UBC Theses and Dissertations

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UBC Theses and Dissertations

The cutting behavior of bandsaws Lehmann, Bruce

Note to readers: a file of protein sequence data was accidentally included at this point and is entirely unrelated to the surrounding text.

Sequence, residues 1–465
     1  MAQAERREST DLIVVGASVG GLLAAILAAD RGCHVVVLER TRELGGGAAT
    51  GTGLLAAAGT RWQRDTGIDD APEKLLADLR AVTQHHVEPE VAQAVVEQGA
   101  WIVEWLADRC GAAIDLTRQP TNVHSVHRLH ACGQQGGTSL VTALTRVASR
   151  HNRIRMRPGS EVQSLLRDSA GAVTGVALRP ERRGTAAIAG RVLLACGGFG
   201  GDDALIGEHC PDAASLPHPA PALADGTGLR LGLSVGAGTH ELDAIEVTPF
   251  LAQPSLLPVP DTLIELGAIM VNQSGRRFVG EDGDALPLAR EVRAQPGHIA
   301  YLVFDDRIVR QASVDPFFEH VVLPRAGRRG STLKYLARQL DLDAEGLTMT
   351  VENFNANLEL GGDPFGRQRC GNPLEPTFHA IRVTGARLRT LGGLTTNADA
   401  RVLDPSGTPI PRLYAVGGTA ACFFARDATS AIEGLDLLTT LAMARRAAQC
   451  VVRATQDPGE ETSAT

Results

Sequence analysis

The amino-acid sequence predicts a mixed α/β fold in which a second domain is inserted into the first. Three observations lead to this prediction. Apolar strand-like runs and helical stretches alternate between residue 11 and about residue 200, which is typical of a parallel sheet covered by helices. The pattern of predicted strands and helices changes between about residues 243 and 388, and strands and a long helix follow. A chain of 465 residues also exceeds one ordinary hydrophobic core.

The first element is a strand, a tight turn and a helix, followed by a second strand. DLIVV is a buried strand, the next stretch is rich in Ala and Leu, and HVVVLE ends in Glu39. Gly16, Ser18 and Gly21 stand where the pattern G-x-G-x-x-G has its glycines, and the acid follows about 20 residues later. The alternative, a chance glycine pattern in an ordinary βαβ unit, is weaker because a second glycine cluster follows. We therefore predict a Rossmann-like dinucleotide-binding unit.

A model of a bandsaw, subjected to lateral cutting forces on the teeth and restrained by the sawn surfaces of the wood, has been developed. The blade model includes the effects of blade dimensions, bandmill strain, in-plane stresses, tooth (gullet) depth, tooth bending stiffness, blade speed, strain system parameters, and the span between the guides. The lateral cutting forces along the length of the cut were found to have dominant low frequency components and are modelled by functions having spectra that are inversely proportional to the frequency. The results of the model simulation show that when there is little or no contact between the body of the blade and the sawn surfaces, the sawing accuracy is governed by the tooth-tip stiffness and the magnitude of the lateral cutting forces. When the clearance gap is small compared to the blade deflection, the contact forces dominate and poor cutting accuracy results because the blade cannot recover quickly from disturbances. The clearance gap between the blade and a sawn surface is shown to be less than the side clearance of the teeth because of sawdust spillage and surface roughness. A formula is developed that defines how blade stiffness, the clearance gap, and the cutting forces affect sawing deviation. It is found that the tooth-tip stiffness is the blade parameter that most significantly affects cutting accuracy. An example of determining the optimal side clearance and some practical implications of the results are presented.

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